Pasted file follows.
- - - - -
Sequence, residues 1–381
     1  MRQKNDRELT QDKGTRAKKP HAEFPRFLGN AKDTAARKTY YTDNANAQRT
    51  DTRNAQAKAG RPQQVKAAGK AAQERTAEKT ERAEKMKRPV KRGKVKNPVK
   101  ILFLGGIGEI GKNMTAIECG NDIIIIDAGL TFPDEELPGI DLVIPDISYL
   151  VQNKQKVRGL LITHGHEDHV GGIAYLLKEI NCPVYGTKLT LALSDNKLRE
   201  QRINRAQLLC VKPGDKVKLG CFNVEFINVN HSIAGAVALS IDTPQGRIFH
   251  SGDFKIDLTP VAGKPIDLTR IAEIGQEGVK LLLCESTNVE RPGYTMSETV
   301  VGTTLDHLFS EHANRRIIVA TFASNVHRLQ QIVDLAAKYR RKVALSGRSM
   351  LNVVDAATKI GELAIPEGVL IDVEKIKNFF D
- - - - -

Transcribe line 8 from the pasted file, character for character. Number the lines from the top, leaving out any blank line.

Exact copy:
   301  VGTTLDHLFS EHANRRIIVA TFASNVHRLQ QIVDLAAKYR RKVALSGRSM